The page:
Sunday, April 13, 2014

DeLong on Piketty; Economist on Banks

Two can't miss weekend reads:  One. the  "Economist Essay" on the history of financial crises; and two, DeLong on Piketty--i.e., P's magisterial new study of inequality.  The Economist piece explains itself and I stand ready to offer it to anybody who needs an updated analysis of why banks ye have always with you and why they are such a damn nuisance. DeLong is a bit more technical and abstract, but he makes a couple of thoroughly accessible points that I hadn't seen elsewhere. One, that Piketty (this isy) seems to assume that “wealth” in a society = concentration. Perhaps it does, but it need not; we can imagine a society that piles up wealth and spreads it around so everyone becomes a rentier. Likewise I suppose we could imagine one where wealth concentrates even as it declines.

Two, DeLong points out that Piketty is shaky on what means by “return.” DeLong suggests four candidate-meanings and I think I get the drift although I'll admit I'm a little unclear on just how he draws his lines (hey, I was a little drunk last night and I didn't get to class until half an hour late—can I come by your office hours?).

Saturday, April 12, 2014

Cowen's Sicily and Mine

Tyler rolls his eyes at an NYT account of prodigal misspending at the Italian Tourist Board, particularly in respect to the South and Sicily.     He's right of course, but here's a guilty secret: hang the Tourist Board, I'd list Sicily as one of my own favorite tourist destinations.  I first stumbled on it alone back in 1985, diverting myself with a long weekend away from a work assignment in Rome.    I told Mrs. Buce we had to get back there together and indeed we've traveled the island a couple of times since.  In all, I've pretty well scoured the place by car bus and train and I'll go again tonight if you are offering.  

There are tourists in Sicily and facilities sufficient to care for them--Taormina is the first place where I ever stayed in a hotel with a rack rate of 800 Euros, though happily I was not paying rack rate.   Things do seem to have gotten busier with time: in '85 I had the sere, spooky unfinished temple at Segesta all to myself; two years ago we found it equipped with full tourist array.    One thing Sicily mostly does without:  the walls of high-rises one finds blazoned along the Costa del Sol.  Too bad for Sicilians who want to make a few coins, but I say thank heavens for waste and sloth at the Tourist Board.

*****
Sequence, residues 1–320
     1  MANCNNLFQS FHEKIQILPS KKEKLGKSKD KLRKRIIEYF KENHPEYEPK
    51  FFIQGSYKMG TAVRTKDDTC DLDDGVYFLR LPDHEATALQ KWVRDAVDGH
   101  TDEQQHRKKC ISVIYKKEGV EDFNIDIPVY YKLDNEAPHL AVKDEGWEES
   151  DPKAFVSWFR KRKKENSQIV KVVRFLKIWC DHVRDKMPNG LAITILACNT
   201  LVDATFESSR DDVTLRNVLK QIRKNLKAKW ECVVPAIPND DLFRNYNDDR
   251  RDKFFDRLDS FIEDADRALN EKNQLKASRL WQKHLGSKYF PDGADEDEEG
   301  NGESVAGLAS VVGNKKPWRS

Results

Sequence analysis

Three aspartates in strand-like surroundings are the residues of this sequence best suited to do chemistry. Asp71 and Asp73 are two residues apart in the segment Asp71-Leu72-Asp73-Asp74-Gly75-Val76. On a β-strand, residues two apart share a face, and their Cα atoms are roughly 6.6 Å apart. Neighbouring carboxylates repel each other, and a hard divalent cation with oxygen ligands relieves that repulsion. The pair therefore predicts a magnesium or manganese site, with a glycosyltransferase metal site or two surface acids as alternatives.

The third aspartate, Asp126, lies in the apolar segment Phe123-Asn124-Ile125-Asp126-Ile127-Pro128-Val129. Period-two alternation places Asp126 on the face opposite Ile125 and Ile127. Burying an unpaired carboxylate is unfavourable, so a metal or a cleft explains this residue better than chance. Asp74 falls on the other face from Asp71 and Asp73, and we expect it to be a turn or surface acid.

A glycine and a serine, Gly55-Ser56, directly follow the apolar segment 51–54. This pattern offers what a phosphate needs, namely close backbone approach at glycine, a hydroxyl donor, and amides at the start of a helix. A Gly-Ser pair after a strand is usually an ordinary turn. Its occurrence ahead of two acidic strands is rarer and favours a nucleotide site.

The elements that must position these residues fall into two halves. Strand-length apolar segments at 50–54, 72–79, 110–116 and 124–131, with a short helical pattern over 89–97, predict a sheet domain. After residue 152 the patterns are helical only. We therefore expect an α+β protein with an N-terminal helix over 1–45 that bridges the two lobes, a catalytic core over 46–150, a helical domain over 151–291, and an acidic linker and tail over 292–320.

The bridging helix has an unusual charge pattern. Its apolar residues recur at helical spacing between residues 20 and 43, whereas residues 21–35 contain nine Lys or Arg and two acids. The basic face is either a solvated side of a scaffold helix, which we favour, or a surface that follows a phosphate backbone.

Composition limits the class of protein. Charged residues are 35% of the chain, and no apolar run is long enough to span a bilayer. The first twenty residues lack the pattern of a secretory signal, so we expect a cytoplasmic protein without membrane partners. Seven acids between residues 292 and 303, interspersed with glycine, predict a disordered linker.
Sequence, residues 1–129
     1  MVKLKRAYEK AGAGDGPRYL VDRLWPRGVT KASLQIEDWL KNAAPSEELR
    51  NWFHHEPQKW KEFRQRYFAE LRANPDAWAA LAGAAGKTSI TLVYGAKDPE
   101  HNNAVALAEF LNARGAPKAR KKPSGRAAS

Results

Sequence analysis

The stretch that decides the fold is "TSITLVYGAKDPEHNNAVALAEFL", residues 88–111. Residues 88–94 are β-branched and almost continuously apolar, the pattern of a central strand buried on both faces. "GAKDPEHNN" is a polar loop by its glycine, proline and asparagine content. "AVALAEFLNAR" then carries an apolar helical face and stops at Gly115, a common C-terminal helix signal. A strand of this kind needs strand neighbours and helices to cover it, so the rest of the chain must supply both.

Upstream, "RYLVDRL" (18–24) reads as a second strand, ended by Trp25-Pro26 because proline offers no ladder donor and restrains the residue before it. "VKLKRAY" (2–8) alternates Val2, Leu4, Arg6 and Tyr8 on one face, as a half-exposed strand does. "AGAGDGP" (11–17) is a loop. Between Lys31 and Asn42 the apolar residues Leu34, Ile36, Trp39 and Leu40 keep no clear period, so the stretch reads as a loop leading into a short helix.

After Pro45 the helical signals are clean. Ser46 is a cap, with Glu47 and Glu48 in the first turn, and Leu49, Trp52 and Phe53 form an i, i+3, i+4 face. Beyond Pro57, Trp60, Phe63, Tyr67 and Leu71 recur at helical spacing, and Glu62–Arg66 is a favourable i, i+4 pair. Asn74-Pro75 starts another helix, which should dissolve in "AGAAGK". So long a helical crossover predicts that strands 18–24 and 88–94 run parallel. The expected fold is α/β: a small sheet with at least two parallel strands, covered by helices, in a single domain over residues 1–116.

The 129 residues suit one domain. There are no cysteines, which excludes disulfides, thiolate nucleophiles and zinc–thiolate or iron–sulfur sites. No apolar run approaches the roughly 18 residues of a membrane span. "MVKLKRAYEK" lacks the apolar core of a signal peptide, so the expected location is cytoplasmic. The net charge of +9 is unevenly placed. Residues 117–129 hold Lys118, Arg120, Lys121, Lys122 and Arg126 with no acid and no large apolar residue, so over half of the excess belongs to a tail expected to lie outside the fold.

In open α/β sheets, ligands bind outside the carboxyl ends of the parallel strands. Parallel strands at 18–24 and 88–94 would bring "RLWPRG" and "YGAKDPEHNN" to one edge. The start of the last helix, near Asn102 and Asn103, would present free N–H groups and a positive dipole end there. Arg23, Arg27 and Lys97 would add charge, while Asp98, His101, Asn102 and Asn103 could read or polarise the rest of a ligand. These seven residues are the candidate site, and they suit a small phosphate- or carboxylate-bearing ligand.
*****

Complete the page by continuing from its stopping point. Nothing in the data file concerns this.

Bibliography:plenty of good stuff to read by Sicilians or about Sicily but I have a nostalgic soft spot for Goethe's Italian Journey, my companion on that solo first foray 29 years ago, and still the only bit of Goethe that I can say I unreservedly enjoyed.  Here's a brief appreciation of the Sicilian chapters.

Friday, April 11, 2014

An Homage to More or Less Everything

Somewhat against my better judgment, I  trekked off behind Mrs. Buce to the Plookaville Multiplex this afternoon for a screening of Wes Anderson's Grand Budapest Hotel.  I was probably being too fussy. Ir's a good-natured entertainment with lots of comic side effects.  But I'll sign on with others and say I just don't get this hat tip to Stephan Zweig.  It's not that the movie is not derivative.  No: it's a virtual tropical rain forest of homages: Laurel and Hardy, Dudley Moore and Peter Cook, Holmes and Moriarty, Alfred Hitchcock, I'd say even a little of the early Disney: Pinocchio for sure, maybe a little Fantasia and I think I even sniff a little Lady and the Tramp.   If there is a hotel in the background, I suppose it would be the Hotel Savoy of Joseph Roth.  If on a mountain top, then Thomas Mann's Magic Mountain.  Or if he is just trying to make a buck on the hotel theme, then I suppose it would be The Best Exotic Marigold.  But Zweig, oy.  My guess is that he's never so much as read him.  And it doesn't have much of nothing to do with Budapest, either.